U.K. Corporate Tax Reform is Attracting Business
January 22, 2014
The U.K. is most of the way through a multiyear tax reform that has drastically reduced the corporate tax rate and otherwise cut taxes on multinational corporations (MNCs). Their motivation for doing so was the loss of business to nearby competitors, such as the Netherlands and Switzerland, which had comparatively low corporate taxes. Since 2007 the U.K. has cut the corporate tax rate from 30 percent to 23 percent today, and is set to cut it further to 20 percent next year. In 2009, the U.K switched from a worldwide tax system with foreign tax credits (similar to the current U.S. system) to a territorial tax system which largely exempts from domestic taxation the foreign profits of MNCs. The U.K. also introduced a “patent box”, which applies a reduced 10 percent tax rate to profits derived from patents and other intellectual property, to be phased in over five years beginning last April.
There were some other changes too, and not all of them helpful for business investment, such as the lengthening of depreciation schedules. However, on balance it appears the reforms have turned the tide in terms of the attractiveness of the U.K. as a multinational headquarters, according to the latest reports from The Telegraph and Ernst and Young:
The Uk's "competitive” and “predictable” tax regime has led to a 50pc rise in the number of companies wanting to relocate here, data by accountancy giant EY reveals.
The firm has told The Telegraph that approximately 60 multi-national companies are considering relocating either their global headquarters or a regional headquarters to the UK as a result of the Chancellor’s reducing corporation tax policy.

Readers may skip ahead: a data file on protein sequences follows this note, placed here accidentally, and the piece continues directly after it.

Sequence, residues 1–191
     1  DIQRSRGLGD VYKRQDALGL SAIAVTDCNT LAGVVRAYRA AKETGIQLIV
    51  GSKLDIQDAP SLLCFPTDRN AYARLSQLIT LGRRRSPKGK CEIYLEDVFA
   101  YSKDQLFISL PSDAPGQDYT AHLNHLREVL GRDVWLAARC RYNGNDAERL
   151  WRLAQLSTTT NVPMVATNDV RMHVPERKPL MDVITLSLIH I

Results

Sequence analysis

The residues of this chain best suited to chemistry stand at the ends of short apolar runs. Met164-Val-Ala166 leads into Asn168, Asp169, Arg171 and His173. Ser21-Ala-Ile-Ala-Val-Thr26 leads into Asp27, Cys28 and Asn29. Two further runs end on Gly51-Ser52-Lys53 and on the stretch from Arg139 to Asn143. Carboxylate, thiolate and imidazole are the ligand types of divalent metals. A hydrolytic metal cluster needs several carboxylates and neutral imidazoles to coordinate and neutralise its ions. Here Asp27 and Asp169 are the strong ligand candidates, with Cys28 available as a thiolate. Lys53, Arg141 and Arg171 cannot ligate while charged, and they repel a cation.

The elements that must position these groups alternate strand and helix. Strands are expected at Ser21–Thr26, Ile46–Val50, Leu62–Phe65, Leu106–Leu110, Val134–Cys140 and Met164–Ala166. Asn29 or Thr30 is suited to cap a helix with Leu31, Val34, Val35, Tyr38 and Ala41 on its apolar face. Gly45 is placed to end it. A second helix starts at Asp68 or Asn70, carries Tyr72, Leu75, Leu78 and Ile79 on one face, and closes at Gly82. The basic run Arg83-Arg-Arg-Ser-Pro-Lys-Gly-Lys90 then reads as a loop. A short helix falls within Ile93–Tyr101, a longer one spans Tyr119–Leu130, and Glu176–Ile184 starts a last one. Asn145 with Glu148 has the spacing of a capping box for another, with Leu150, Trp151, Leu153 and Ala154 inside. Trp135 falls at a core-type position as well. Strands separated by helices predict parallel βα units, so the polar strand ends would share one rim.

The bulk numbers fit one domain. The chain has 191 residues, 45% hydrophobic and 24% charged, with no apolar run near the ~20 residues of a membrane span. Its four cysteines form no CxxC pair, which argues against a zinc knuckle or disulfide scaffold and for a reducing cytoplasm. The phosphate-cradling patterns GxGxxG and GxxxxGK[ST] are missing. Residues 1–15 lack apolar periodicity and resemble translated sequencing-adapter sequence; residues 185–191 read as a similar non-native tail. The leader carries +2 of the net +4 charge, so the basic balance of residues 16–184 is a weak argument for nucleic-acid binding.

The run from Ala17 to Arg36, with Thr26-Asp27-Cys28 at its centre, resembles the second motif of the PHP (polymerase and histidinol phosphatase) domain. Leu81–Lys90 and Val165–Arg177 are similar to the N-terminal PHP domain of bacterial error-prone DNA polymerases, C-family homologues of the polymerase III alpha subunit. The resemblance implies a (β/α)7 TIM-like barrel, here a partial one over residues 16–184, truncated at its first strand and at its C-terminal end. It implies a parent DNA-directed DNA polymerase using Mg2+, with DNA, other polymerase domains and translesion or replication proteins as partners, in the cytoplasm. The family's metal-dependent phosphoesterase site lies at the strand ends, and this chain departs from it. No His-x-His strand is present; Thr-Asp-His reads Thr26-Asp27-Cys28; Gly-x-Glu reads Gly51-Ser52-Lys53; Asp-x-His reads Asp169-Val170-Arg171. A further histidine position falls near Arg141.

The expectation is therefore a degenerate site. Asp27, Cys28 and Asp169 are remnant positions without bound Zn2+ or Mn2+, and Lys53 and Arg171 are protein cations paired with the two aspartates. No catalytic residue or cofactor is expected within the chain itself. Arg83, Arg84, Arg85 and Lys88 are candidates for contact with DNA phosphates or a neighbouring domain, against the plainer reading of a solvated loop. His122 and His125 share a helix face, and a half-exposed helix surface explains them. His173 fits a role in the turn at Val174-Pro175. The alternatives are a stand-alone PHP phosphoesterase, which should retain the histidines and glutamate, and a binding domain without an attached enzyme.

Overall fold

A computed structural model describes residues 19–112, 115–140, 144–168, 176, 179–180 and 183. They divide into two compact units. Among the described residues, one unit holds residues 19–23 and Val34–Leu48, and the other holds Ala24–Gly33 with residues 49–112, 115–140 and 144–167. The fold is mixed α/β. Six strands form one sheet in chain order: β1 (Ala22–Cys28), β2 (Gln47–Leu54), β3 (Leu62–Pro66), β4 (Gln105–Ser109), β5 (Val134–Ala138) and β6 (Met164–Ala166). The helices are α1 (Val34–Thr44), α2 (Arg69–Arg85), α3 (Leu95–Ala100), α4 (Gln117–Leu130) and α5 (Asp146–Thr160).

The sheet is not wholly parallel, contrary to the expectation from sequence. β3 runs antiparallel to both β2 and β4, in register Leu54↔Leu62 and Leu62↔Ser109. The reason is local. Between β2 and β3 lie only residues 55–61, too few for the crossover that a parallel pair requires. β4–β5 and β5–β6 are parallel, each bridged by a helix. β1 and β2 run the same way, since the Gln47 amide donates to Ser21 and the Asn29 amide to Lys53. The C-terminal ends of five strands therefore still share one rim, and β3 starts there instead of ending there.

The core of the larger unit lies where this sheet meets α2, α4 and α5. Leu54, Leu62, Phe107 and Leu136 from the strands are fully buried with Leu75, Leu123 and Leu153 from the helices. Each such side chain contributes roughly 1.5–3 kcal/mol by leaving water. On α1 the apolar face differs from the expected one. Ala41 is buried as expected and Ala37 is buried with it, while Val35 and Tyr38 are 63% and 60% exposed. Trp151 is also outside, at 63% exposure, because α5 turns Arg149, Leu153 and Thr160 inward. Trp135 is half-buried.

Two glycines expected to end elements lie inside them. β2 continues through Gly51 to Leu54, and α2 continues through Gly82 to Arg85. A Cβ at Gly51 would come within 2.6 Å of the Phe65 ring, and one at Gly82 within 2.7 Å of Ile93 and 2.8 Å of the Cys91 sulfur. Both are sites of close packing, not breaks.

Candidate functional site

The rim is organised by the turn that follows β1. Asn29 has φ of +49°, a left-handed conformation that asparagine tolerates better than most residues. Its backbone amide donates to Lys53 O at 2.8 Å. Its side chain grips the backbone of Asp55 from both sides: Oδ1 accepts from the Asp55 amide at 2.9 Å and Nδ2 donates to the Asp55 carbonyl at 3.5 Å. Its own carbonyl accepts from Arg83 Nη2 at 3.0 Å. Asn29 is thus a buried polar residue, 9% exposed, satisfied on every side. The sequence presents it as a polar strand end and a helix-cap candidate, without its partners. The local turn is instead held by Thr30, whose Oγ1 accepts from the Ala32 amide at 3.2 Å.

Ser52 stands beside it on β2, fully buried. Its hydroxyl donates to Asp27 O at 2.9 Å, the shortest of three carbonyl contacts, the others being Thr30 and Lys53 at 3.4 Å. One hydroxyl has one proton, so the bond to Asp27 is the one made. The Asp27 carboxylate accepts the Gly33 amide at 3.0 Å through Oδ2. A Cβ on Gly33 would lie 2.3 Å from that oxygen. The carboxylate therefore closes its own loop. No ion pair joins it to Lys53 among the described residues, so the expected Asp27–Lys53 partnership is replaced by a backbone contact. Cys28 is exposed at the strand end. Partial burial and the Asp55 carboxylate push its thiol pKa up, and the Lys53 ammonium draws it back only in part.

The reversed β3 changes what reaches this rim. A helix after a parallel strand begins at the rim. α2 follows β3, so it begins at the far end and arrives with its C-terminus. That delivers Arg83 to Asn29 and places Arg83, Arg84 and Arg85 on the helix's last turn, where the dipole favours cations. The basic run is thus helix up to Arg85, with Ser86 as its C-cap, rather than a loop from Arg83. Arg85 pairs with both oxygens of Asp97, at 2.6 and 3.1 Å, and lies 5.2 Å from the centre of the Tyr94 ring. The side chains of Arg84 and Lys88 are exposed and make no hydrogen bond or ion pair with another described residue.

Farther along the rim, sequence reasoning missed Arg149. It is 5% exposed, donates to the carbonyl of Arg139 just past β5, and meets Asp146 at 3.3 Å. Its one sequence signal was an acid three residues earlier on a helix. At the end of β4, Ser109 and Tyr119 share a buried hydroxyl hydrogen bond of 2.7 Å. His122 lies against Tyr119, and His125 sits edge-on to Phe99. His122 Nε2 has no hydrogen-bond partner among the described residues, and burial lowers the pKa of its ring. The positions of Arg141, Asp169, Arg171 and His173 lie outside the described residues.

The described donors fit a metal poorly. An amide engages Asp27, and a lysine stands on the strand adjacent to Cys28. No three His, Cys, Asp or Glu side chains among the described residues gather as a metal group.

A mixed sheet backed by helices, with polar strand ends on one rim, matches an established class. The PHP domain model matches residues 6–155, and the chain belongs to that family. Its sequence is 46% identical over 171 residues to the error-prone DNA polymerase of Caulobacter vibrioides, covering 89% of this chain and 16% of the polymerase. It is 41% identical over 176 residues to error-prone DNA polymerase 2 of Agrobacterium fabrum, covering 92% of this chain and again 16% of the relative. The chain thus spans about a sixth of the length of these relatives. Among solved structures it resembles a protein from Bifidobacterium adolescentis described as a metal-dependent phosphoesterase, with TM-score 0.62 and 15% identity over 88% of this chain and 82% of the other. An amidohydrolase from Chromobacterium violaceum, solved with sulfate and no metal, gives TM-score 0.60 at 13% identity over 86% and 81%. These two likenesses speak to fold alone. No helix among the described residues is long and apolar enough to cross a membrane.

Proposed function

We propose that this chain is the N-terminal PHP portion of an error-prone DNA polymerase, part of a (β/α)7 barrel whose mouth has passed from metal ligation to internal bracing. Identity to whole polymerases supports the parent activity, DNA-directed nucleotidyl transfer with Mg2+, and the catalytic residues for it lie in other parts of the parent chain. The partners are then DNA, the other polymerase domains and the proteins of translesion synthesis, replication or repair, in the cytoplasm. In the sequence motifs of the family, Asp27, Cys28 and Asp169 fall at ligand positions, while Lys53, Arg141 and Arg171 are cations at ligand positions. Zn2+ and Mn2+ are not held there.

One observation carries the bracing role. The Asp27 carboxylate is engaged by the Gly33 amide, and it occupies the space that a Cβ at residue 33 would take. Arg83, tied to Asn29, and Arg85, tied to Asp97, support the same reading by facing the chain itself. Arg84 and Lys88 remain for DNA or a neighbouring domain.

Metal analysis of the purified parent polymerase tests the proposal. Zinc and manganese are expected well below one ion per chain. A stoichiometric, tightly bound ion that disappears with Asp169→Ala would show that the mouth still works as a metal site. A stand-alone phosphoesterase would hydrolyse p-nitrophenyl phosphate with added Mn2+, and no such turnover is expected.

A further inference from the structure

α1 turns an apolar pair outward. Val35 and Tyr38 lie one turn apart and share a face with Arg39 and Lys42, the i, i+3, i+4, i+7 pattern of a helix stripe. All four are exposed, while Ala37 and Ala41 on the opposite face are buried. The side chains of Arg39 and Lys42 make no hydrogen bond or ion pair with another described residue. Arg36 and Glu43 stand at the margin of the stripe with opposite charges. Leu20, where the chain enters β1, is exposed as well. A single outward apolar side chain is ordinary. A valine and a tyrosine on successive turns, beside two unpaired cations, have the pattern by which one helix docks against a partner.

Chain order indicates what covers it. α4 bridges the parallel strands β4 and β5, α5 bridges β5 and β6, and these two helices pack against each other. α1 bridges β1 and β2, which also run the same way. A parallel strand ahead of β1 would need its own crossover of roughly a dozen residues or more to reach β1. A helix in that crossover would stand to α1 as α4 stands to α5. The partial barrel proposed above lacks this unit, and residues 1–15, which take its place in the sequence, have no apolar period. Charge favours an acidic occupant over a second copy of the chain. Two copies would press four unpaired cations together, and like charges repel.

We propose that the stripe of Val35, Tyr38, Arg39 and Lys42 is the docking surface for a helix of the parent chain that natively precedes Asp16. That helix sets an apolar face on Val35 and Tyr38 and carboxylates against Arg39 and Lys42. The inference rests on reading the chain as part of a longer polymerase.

The figure is 50pc higher than the 40 companies EY said were in its pipeline in October 2012, 20 of which are known to have relocated.
John Dixon, EY’s UK head of tax, said that the 60 companies would bring “well over” £1bn of tax revenues, including corporation tax, to the UK, along with 5,000 jobs.
“The trend of foreign multi-nationals looking to relocate continues apace” said Mr Dixon. “That trend has also widened in terms of countries of origin, from predominantly the US, to Ireland and other parts of Europe.”
Further evidence comes from a new study by European economists who find that the U.K. has become more competitive in mergers and acquisitions since the switch to territorial taxation in 2009. The researchers find a similar effect in Japan, which also switched to a territorial system in 2009:
We find empirical evidence for repatriation taxes reducing the competitiveness of investors from tax credit countries in the international market for corporate control. The economic importance of this effect depends on the level of the domestic profit tax rate in place. The larger the domestic profit tax rate, the larger the repatriation taxes due. Since the Japanese profit tax rate (40.69 %) in 2009 is higher than the U.K. profit tax rate (28 %), the reform effect is more pronounced for Japan than for the U.K. We estimate the Japanese 2009 abolishment of the tax credit system to have increased the number of international mergers and acquisitions with a Japanese acquirer by 31.9 %. The estimated effect for the U.K. is only 3.9 %. We finally simulate a U.S. switch from credit to exemption. According to our results, such a reform of the U.S. international tax system would increase the number of international mergers and acquisitions with U.S. acquirers by 17.1 %.
Meanwhile, the trickle of companies leaving the U.S. continues unabated, most recently with the purchase of Jim Beam by a Japanese firm.
Follow William McBride on Twitter
Was this page helpful to you?
The Tax Foundation works hard to provide insightful tax policy analysis. Our work depends on support from members of the public like you. Would you consider contributing to our work?Contribute to the Tax Foundation
Let us know how we can better serve you!
We work hard to make our analysis as useful as possible. Would you consider telling us more about how we can do better?Give Us Feedback